Jennifer Chang holds degrees from the University of Chicago and the University of Virginia. Her poems have appeared or are forthcoming in Barrow Street, Gulf Coast, New England Review, Pleiades, Virginia Quarterly Review, Asian American Poetry: The Next Generation, Best New Poets 2005, and other publications. The title poem of her manuscript The History of Anonymity received the 2004 Campbell Corner Poetry prize. She is the 2005 Van Lier Fellow in Poetry at the Asian American Writers’ Workshop and was awarded the Louis Untermeyer scholarship to the 2005 Bread Loaf Writers’ Conference. She teaches in the creative writing program at Rutgers University.

Jon Pineda is the author of Birthmark (Southern Illinois University Press, 2004), winner of the Crab Orchard Award Series in Poetry Open Competition. A recipient of a Virginia Commission for the Arts Individual Artist Fellowship, he is a graduate of James Madison University and of the MFA program in creative writing at Virginia Commonwealth University, where he received an AWP Intro Award for Poetry. His recent work has appeared in Prairie Schooner, Sou’wester and various anthologies.


Requests for financial aid should be made after acceptance to the retreat. As Kundiman is a new non-profit, there is a very limited amount of financial aid available. Awards will be given on a need-based basis. Average award amount is $100. To keep the cost of the retreat low for all participants, fees are not charged for workshops or programming. Room and Board for the retreat is $300.


Send five to seven (5-7) paginated, stapled pages of poetry, with your name included on each page. Include a cover letter with your name, address, phone number, e-mail address and a brief paragraph describing what you would like to accomplish at the Kundiman Asian American Poets’ Retreat. Include a SAS postcard if you want an application receipt. Manuscripts will not be returned. No electronic submissions, please.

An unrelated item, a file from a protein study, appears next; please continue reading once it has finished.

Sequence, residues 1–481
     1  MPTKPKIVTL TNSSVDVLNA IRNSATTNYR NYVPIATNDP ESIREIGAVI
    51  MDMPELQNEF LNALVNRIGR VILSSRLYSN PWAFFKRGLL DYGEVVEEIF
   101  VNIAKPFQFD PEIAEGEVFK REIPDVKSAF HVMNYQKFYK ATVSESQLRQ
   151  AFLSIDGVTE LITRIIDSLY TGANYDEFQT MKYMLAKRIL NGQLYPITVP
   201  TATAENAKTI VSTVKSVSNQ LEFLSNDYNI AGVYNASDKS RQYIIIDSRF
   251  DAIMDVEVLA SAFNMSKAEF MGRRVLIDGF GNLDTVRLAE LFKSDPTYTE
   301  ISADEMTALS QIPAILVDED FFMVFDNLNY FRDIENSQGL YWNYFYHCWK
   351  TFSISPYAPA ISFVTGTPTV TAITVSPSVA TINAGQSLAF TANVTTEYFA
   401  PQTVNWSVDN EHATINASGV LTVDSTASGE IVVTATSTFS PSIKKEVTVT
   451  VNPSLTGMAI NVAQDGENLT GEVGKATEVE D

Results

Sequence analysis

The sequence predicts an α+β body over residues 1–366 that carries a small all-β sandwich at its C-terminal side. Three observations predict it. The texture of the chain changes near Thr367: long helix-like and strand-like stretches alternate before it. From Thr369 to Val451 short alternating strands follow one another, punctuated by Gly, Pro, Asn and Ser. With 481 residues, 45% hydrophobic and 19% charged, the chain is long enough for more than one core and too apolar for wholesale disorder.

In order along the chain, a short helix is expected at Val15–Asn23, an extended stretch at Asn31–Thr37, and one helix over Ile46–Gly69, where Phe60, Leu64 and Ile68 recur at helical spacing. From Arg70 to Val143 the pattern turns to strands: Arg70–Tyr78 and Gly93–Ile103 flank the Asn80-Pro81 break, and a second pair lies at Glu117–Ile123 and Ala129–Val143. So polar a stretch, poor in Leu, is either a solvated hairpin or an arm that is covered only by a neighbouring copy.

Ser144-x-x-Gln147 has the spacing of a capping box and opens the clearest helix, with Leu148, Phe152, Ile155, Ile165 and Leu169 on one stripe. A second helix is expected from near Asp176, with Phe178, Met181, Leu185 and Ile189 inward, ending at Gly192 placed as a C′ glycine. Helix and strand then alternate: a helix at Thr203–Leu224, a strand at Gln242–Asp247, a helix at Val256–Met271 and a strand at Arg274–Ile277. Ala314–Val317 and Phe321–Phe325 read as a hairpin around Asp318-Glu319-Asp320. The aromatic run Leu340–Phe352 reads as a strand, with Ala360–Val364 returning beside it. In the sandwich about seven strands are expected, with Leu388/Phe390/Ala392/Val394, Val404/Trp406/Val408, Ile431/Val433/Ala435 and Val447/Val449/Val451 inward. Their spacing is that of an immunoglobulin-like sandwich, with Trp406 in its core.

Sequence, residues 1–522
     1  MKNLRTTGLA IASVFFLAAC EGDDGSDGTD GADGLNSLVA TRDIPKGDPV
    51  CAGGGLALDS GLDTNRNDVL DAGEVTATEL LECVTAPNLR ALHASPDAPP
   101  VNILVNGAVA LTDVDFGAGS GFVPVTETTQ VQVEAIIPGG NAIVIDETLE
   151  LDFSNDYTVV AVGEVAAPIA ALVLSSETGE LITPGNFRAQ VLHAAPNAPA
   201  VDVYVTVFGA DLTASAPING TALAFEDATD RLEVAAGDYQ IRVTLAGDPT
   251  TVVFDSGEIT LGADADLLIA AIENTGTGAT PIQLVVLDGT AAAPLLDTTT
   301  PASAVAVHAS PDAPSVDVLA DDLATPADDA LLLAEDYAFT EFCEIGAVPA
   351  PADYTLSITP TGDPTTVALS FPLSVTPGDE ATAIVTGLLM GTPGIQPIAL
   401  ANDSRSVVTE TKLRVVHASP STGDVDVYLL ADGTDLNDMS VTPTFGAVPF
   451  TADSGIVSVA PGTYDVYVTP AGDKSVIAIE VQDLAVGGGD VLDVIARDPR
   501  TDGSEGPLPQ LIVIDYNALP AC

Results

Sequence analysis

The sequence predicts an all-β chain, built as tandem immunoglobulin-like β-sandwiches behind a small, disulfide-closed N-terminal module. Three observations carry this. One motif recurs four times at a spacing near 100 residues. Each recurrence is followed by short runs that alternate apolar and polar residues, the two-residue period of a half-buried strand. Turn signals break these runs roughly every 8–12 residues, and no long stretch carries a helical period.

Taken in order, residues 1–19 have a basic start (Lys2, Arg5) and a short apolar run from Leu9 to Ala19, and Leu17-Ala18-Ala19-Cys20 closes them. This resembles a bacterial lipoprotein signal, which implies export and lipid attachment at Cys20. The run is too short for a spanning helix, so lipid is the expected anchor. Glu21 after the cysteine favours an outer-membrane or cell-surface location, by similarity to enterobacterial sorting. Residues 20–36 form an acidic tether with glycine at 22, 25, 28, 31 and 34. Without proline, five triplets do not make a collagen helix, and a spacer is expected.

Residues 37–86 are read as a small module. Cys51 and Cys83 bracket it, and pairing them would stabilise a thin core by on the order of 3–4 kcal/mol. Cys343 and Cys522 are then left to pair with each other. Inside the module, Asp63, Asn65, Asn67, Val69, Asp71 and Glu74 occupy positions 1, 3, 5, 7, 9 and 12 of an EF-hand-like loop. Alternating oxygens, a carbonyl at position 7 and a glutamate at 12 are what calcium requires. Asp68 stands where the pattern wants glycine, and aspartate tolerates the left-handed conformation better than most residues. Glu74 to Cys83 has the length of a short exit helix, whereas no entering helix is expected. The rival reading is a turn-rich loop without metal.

Mail application to:

245 Eighth Avenue #151
New York, NY 10011

Submissions must be postmarked by March 1, 2006

February 9, 2006

Another Update to the 2005 First Books List

Filed under: General — Neil Aitken @ 6:10 pm

Just added Ann Keniston’s The Caution of Human Gestures from WordTech Press.  Check out the entire list here.

I’ll be starting a 2006 First Books List soon.

Neck Deep

Filed under: General — Neil Aitken @ 2:19 am

Wondering where I’ve been?

The past few weeks I’ve been neck deep in:
1. Pleghm – a cold that leaves me with a dry throat in the morning and clogged chest in the afternoon.

2. Revisions – two of my readers from my thesis committee have returned their notes and suggestions on my manuscript — it’s amazing all the tiny nick-picky things people will note. Glad they’re making notes though — it’s useful to see where a poem might be going astray.

3. Submissions – Boxcar Poetry Review is in full swing — submissions have been rolling in pretty steadily, and recently picked up after the official CFP went out. It’s a bit odd to be on the other side of the rejection notice.

4. Reading – between my Poetry of Witness (mostly wartime poetry) and my Chinese classic novels classes, I’m quite swamped with reading and assignments. Some weeks it’s upwards of 600 pages.

5. Grading – at least I will be neck deep next week when my students turn in their poetry revisions.

Elsewhere in the world:

1. My nephew Thomas had his first birthday.

2. My father recently announced his retirement from the Regina Public Library’s Prairie History Room. He’ll be leaving the library to go full time as an independent family history and geneaology lecturer and educator. Busy guy — he’ll be on the road a lot for conferences and seminars.

3. Joseph Legaspi from the Kundiman team received word that his first book has been accepted for publication.
4. Boxcar Poetry Review got a face lift.